It was yet another busy week under the Gold Dome, during what one ACLU of Georgia attorney dubbed the “silly season” of the state’s legislative session, a period when lawmakers may push harmful bills as quickly as possible and with little notice to prevent opponents from mobilizing.
Senate Bill 140
Republicans added SB 140 to the House calendar for a vote 30 minutes before lawmakers were set to gavel in Thursday morning. The bill would ban medical professionals from giving transgender children certain hormones or surgical treatment that assists them in aligning with their gender identity. A terrible amendment was made to the bill, adding civil and criminal liability for doctors.
The ACLU of Georgia and allies sprang into action, calling and messaging House representatives, urging them to vote no. Several representatives pleaded with their colleagues to do the same. Sadly, and against the consistent warnings of parents, medical providers, and transgender youth themselves, the House passed SB 140 in a 96-75 vote.
Next, the bill goes back to the state Senate to vote on the amendment. A vote could happen as soon as Monday. We encourage you to keep up the pressure. Call or message senators here throughout the weekend.
Several Organizations held a press briefing Friday to share more info on why the bill should be defeated. ACLU of Georgia Legal Director Cory Isaacson said the bill is part of a disturbing trend by the legislature to interfere with the private medical decisions of families.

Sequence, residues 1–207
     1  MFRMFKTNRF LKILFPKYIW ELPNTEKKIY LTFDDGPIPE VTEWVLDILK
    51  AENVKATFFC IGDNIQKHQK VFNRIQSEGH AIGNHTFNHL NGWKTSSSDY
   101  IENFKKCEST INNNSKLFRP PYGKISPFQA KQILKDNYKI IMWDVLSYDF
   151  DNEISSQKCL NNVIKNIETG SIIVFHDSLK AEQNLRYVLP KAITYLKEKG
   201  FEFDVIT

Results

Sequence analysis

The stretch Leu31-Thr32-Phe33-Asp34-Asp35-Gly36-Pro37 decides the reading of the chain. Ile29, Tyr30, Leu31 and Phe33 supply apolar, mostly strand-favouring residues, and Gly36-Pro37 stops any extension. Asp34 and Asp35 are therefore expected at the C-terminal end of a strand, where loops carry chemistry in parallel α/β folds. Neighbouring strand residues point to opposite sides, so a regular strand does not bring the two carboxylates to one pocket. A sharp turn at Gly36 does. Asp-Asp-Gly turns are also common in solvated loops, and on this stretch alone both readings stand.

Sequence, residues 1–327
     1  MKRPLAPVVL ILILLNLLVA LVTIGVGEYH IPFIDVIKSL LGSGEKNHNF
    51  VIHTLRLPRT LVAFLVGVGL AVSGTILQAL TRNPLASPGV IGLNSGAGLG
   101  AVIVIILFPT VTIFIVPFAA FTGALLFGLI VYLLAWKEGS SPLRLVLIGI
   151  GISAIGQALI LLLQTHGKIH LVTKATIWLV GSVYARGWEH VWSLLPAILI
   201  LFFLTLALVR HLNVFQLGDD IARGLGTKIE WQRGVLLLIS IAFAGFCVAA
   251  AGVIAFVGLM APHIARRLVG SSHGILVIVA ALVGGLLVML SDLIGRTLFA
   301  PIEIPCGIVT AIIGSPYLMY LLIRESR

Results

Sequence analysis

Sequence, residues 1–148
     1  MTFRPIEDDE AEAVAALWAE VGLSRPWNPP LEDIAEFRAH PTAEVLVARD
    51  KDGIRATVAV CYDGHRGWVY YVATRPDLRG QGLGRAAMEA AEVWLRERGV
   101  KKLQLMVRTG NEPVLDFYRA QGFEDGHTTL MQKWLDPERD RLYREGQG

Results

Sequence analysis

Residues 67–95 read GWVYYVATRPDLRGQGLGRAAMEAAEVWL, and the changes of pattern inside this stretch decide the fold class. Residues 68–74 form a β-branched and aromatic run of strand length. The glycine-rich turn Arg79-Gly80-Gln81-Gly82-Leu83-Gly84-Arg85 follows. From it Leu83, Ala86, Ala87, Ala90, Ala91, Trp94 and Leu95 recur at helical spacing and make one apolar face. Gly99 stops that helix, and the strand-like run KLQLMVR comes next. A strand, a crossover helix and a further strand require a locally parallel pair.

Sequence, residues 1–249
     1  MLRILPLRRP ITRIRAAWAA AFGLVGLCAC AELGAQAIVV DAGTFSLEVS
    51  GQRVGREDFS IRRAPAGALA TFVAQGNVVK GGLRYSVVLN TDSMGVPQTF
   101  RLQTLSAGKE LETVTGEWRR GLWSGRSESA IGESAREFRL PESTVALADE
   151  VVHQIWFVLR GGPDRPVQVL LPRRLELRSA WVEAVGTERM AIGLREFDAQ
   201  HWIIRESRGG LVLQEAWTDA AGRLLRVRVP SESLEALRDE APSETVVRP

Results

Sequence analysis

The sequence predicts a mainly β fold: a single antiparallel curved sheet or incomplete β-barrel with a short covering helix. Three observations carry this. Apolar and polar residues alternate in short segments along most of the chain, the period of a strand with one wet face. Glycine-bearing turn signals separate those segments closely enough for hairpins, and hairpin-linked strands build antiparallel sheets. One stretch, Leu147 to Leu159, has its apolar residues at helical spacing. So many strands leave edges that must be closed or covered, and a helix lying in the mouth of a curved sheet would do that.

“SB 140 violates guaranteed rights under the federal and Georgia constitutions. It violates the right to parental autonomy. It violates the rights of medical providers to provide their patients with standards of care treatment. And it unlawfully discriminates against a group of Georgians who desperately need access to this care. If this bill passes, the ACLU of Georgia and our partners will consider all legal actions,” Isaacson told reporters.
- More than two-thirds of parents in Georgia oppose the regulations being proposed in SB 140 (58 percent are in strong opposition).
- 59 percent of Republicans surveyed oppose the regulations. 73 percent of Democrats oppose.
Senate Bill 129, “Time Off for Voting”
SB 129, which would provide time off for employees in Georgia to advance vote, passed out of the House Governmental Affairs Committee with an amendment recommended by ACLU of Georgia Senior Policy Counsel Vasu Abhiraman.
We already supported the bill as good legislation that will improve the lives of Georgia voters. The amendment, removing employers’ right to say no (in the interest of keeping an employer from saying, “You can vote on Saturday,” or some other time during the early vote period), will more robustly allow Georgians the opportunity to have their voices heard at the ballot box.
Staff attorneys are continuing to keep an eye on another elections-related bill, Senate Bill 222. This harmful bill would dry up funding, stifle innovation, and harm community partnerships at county elections offices. The state should step up and fund our elections instead of banning counties from seeking their own funding as they continue to struggle with anti-voter burdens already in place statewide.
Criminal Legal Reform bills
Our Policy and Advocacy team is working with lawmakers to stop any legislation that takes Georgia back to policies that drive mass incarceration and inequitable treatment of communities of color.
On that front, we have some great news. Three bills we were watching in the House Committee on Judiciary Non-Civil – Senate bills 31, 63, and 92 — had hearings only. That means the committee chose not to take action and the bills are held up. Follow the links for more details on all of those bills.
Members of the committee asked many questions, suggesting Republican and Democratic members alike recognized our concerns about jail overcrowding and the collateral consequences of being jailed unnecessarily. Rep. Tanya Miller cited the ACLU of Georgia’s report, “There are Better Solutions,” as evidence that there will be an overcrowding crisis that would be exacerbated by one of the bills.